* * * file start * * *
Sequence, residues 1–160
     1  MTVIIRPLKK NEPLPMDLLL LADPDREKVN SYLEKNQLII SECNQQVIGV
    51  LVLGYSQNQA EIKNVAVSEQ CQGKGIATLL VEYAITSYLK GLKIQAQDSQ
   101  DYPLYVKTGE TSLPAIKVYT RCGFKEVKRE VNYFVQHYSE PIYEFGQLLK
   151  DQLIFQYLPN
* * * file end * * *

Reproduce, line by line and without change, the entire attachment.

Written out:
Sequence, residues 1–160
     1  MTVIIRPLKK NEPLPMDLLL LADPDREKVN SYLEKNQLII SECNQQVIGV
    51  LVLGYSQNQA EIKNVAVSEQ CQGKGIATLL VEYAITSYLK GLKIQAQDSQ
   101  DYPLYVKTGE TSLPAIKVYT RCGFKEVKRE VNYFVQHYSE PIYEFGQLLK
   151  DQLIFQYLPN